204. Dana King on March 5, 2010 at 9:31 AM

    >I write crime fiction; I guess the style would be hard-boiled, though I hate that term. Some first person PI and some multi POV stories.



  205. Brenda Anderson on March 5, 2010 at 9:31 AM

    >I write contemporary fiction, often with a hint of romance. I've been writing seriously for nearly five years. In that time I've completed three manuscripts and am half way through a fourth.

    I'm not published yet, but have had several requests for fulls. While I wait, I keep writing, editing, & learning.



  206. Jane Steen on March 5, 2010 at 9:27 AM

    >I'm a commercial writer for hire but stuck myself into the fiction category because I am 1/3 of the way into my first novel, which is literary fiction, I think. (I still have to do my market research: the story has been in my head for a long time so I wanted to get it down before I worry about where it belongs.)

    I started reading publishing industry blogs because I just like people who love books, and totally wasn't going to write one, but I think I got inspired by all of you lovely folks. So thanks!



  207. Tammy on March 5, 2010 at 9:24 AM

    >My only published work to date has been in non-fiction: some travel articles for newspapers and the web, and some health and beauty articles for the web.

    I'm currently re-dabbling in short fiction (I used to write short stories as a student, but have found that the full-time working world is sucking some of my creative juices). I'd like to publish some short stories, but have yet to summon the courage to send them out to literary magazines. 🙂

    I've been toying with the idea for a novel for several years now – I'd say it falls somewhere between literary fiction and contemporary chick lit. I have the characters in my head, the situation that brings them altogether in my head, but haven't yet figured out where they're all going…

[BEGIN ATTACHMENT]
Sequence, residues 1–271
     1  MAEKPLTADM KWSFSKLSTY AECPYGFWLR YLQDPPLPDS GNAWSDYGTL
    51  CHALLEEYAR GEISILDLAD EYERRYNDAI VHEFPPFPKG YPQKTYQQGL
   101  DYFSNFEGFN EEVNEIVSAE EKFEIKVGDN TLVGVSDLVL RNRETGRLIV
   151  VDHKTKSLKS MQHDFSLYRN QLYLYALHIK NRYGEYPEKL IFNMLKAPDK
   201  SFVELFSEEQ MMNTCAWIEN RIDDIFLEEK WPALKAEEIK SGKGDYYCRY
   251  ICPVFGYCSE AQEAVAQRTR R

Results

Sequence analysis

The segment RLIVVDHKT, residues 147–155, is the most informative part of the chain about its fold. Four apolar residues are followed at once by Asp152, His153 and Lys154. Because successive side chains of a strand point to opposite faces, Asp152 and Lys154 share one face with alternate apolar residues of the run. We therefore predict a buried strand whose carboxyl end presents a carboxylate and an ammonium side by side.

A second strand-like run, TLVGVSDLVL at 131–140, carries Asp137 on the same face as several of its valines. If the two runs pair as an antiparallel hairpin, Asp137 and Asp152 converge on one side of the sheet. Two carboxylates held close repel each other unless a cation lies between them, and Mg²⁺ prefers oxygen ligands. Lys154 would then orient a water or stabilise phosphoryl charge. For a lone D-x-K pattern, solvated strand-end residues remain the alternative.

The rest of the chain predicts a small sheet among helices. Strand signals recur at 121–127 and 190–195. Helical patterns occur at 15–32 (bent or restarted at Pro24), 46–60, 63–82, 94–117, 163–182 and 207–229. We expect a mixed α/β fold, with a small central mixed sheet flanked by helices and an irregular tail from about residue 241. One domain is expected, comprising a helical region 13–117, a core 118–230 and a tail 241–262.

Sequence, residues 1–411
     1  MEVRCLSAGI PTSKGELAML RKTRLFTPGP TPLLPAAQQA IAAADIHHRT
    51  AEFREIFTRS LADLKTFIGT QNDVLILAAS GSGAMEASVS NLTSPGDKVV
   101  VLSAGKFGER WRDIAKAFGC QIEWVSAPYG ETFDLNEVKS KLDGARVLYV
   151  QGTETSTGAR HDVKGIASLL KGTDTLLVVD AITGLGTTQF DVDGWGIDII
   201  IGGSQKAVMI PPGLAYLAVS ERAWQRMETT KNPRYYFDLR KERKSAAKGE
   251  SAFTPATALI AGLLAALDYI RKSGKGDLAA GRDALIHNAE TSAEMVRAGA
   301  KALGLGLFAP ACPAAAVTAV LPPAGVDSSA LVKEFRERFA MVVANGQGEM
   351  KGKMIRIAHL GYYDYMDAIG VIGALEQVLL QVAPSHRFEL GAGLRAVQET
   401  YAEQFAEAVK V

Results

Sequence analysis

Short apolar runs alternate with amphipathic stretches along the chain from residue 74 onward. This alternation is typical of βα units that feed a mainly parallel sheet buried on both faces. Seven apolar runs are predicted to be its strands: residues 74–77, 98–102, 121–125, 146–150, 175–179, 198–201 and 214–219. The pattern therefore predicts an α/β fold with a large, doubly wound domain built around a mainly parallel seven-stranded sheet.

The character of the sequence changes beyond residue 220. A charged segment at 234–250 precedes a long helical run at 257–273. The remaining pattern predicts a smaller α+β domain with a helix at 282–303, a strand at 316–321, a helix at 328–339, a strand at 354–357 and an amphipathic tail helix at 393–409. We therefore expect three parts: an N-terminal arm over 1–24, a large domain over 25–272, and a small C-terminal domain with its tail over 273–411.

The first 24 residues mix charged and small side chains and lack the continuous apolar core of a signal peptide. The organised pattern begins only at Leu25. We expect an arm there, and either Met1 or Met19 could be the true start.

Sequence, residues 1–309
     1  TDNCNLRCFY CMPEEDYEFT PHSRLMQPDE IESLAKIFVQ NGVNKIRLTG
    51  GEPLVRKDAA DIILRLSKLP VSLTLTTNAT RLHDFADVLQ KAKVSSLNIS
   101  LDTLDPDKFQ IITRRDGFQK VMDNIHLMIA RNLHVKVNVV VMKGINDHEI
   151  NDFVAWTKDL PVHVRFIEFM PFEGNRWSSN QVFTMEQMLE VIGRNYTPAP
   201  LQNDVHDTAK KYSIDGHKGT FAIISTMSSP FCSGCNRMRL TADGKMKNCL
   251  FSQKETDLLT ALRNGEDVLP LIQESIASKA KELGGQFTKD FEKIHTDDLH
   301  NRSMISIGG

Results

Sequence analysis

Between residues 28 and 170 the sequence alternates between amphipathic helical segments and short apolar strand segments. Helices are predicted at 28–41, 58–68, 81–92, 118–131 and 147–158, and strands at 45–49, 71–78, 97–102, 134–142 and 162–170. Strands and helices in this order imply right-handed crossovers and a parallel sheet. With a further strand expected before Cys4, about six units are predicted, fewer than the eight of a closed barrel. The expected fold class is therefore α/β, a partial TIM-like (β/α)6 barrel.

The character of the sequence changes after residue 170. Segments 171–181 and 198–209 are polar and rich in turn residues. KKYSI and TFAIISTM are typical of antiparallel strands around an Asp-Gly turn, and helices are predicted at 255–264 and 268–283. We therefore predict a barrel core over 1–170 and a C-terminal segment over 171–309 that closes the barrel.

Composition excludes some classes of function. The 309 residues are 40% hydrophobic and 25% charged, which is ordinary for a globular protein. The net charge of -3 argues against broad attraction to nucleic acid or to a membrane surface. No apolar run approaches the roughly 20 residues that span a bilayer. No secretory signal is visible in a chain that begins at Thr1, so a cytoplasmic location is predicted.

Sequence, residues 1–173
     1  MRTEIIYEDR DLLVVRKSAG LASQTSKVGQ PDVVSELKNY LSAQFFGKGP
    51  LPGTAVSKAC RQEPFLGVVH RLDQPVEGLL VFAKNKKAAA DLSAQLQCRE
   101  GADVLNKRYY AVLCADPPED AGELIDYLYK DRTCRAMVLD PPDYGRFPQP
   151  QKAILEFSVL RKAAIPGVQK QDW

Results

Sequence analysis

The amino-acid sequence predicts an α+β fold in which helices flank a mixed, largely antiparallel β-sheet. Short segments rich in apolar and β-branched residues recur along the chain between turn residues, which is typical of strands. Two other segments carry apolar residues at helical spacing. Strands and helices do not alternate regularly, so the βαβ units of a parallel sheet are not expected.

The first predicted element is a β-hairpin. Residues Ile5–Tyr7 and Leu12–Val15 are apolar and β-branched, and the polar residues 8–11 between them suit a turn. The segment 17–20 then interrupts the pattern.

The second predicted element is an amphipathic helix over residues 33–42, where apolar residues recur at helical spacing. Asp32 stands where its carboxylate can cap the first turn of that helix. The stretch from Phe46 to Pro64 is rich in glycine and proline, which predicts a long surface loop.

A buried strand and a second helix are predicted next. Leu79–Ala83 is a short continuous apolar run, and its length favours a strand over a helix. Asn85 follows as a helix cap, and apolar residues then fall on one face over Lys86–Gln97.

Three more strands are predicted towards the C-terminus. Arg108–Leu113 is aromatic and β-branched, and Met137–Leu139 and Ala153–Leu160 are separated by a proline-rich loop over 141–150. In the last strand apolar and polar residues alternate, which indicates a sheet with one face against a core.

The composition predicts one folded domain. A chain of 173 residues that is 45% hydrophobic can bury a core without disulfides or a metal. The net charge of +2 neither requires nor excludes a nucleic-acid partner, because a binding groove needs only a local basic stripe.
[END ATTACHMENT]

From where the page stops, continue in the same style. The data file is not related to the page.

Tammy



  208. Lyla on March 5, 2010 at 9:21 AM

    >It's so interesting to see the trends!

    I, also, write young adult… I'm amazed at how many of us are out there! Mainly I do contemporary Christian, but my current WIP is a dystopian. I've been writing seriously for about five years, and I'm unpublished in book form.



  209. Caroline Starr Rose on March 5, 2010 at 9:17 AM

    >I've been writing for almost twelve years and signed with an agent last fall.

    I write for the children's market (mid-grade and picture books).



  210. Annie on March 5, 2010 at 9:15 AM

    >Sci-fi/fantasy, YA. I've been working on writing with the intent to publish for about a year. I've only sent out six queries for my novel so far. I've had one snail mail rejection, two electronic rejections and two I haven't heard back from yet (which I am cynically counting as rejections at this point ;).

    I'm starting my second book, and although that's kind of scary, I'm looking forward to a new challenge. When I couldn't find a writers group in my area, I created one with some other pre-published buddies of mine, and I LOVE it. It has really helped my work.

    I work as an artist and musician too in order to keep my head from exploding. All very stable career choices, hehehe.



  211. Sue on March 5, 2010 at 9:12 AM

    >I have written a y/a supernatural romance and a dystopian comedy.
    I love to read both those genres so writing them felt like a good fit.



  212. holycamp09 on March 5, 2010 at 9:11 AM

    >I am writing faith based fiction. Romance is involved but I'm really wanting to dwell on how God works in normal lives. Historical content is also in my stories. Right now I have 3 I'm working on as thoughts come to me, but only one that I'm really in the writing process. It is a modern day, military story based on two questions….what happens to families of the fallen after all the media dies down and does God still work miracles today in huge ways.
    Deborah



  213. Chantal on March 5, 2010 at 9:10 AM